My Arsenal Of Mixers and Adjusters.

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Don’t worry, I still have a bunch of my drugstore (and other things I’ve hauled) stuff to review, I was just getting tired of it and decided to do a PSA instead.

I’ve recently become obsessed with foundation adjusters, which no one (but me) is surprised at right? The question to ask though is why didn’t this happen sooner? I mean as a lot of girls especially most brown girls can attest to buying foundations, particularly online usually nets you the wrong shade or the wrong colour, and if you’re really lucky, both. So it seems as if mixers are something that most of us should get behind or get cracking at right?

But which ones should you get? From which brand? And what the hell do they do again?

I’ve tried so many adjusters, most to hilariously bad results. There was the Face Atelier ones that I tried that completely changed the texture and finish of my foundations, and of course the CoverFx one. I’m honestly just surprised that I didn’t give up totally. Picking the right adjuster is a pain in the ass and hard to boot, so let me just break it down for you. Or better yet, I’m just gonna tell you what I do and the ones that I use, so this is probably gonna be more brown girl centric.

Lately I’ve been stanning the Clinique BIY drops, I’m not gonna get into it here, I did a review already, but suffice it to say it’s a makeup dream come true for me in terms of undertones. I don’t use it for much else, fortunately that’s what I usually need adjusted so it works out well. You can check out that review here.

 

Darkeners.

Chestnut

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Who hasn’t bought a foundation that’s too light? Well that’s where these things come in. But the selection process needs to be careful because you don’t want to change either the texture, finish or longevity  and got forbid not the undertone of your foundation. When that happens you end up with a bit of a chemistry set don’t you? Mixing a dash of this with a tad of this, pretty soon you’re frustrated and wanting to break things. I’ve tried a few darkeners and hated most of them. The Nyx one while it didn’t change the texture or finish of the foundation that I added it to, it completely ruined the undertone because it has a slight olive lean to it.

I don’t use darkeners all that often, mostly in the summer if there is a foundation that I love so much I find the need to alter it to wear in summer. The two darkeners that I’ve found work well for me thus far and change almost nothing about my foundation other than colour are from The Body Shop and Illamasqua.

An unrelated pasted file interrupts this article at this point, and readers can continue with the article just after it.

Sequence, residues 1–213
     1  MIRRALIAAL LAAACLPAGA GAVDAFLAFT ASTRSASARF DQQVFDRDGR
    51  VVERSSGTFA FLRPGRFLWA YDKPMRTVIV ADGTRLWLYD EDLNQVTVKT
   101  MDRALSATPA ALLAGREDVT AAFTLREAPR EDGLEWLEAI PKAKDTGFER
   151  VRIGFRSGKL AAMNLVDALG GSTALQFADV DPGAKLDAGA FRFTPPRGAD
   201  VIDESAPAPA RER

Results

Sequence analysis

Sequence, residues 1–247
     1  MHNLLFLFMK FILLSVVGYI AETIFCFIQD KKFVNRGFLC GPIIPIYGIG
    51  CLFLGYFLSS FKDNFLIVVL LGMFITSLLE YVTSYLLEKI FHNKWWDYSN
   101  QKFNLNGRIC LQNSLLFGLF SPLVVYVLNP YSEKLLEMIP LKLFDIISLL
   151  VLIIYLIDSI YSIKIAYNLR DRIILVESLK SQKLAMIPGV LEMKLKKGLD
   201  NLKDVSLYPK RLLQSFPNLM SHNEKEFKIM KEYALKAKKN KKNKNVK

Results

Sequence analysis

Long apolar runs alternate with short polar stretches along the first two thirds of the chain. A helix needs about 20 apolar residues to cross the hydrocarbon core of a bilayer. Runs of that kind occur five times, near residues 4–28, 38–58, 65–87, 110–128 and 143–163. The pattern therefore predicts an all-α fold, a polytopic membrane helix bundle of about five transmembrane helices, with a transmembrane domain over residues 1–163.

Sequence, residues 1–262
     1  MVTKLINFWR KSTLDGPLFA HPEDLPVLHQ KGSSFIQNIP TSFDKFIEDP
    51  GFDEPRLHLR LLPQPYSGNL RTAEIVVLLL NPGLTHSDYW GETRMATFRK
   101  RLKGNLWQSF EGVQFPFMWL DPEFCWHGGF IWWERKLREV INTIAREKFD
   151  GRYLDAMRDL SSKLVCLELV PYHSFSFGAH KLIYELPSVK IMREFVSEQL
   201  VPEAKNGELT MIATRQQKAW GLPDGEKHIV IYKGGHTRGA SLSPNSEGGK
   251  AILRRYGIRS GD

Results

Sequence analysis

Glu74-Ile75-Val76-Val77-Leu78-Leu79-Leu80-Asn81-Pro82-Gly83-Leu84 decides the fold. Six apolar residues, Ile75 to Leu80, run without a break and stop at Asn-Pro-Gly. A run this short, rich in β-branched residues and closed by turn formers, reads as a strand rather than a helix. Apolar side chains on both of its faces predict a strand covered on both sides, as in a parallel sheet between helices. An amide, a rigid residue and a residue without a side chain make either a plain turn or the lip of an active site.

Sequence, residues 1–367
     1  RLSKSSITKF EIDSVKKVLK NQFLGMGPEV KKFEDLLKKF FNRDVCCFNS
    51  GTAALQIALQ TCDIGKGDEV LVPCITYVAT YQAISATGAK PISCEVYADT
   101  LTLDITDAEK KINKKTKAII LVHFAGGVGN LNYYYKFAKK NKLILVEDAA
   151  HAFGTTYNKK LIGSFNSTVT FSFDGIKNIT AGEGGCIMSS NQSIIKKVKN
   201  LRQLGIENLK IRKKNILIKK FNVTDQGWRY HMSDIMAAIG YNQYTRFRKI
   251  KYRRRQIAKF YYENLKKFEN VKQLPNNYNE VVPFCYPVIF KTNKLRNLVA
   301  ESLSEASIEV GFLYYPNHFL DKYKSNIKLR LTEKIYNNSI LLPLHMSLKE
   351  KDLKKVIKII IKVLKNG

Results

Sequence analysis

From Illamasqua we have the Skin Base Mixers and The Body Shop Shade Adjusting Drops. Both have the same texture and while the BS is a steady neutral dark brown, Chestnut from Illamasqua leans a bit warm. Not a bit red or peach or orange but a warm brown, you may be able to see in the pictures below. Or maybe not, I personally don’t think the warmth shows up all that well in pictures.

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Because of that slight warm lean, I prefer the Illamasqua. Although both perform mostly the same and both are quite thick, they both possess a different sort of thickness. The BS is sort of sticky and takes longer and more effort to mix into a foundation, where the Illamasqua breaks down and mixes in almost immediately. Score for Illamasqua. If price is a Factor for you, then you may want to stick to the BS $24 and Chestnut comes in at $32.

 

Undertone Adjusters.

Terracotta

 

So I know that I’m not the only one that’s stumbled onto this problem. You find a foundation in the right shade, but the undertones are off. You’re warm, but the undertones are cool or olive and will make you look like a ghost when you apply it. This is where warmers are great. If you have warm undertones, they won’t work well for you if you have cool undertones.

I have two of these that I really like it. The first one that I’d gotten was the one from Nyx in Warmth and I was perfectly happy using it. Well almost. It is very orange and I think I may have mentioned before that I’m not quite dark enough for either an orange corrector or as it turns out an orange adjuster. Plus, this thing can quite easily overtake your foundation and swing it in the wrong direction. I only use this in the summer when I need a lot more warmth in my skin.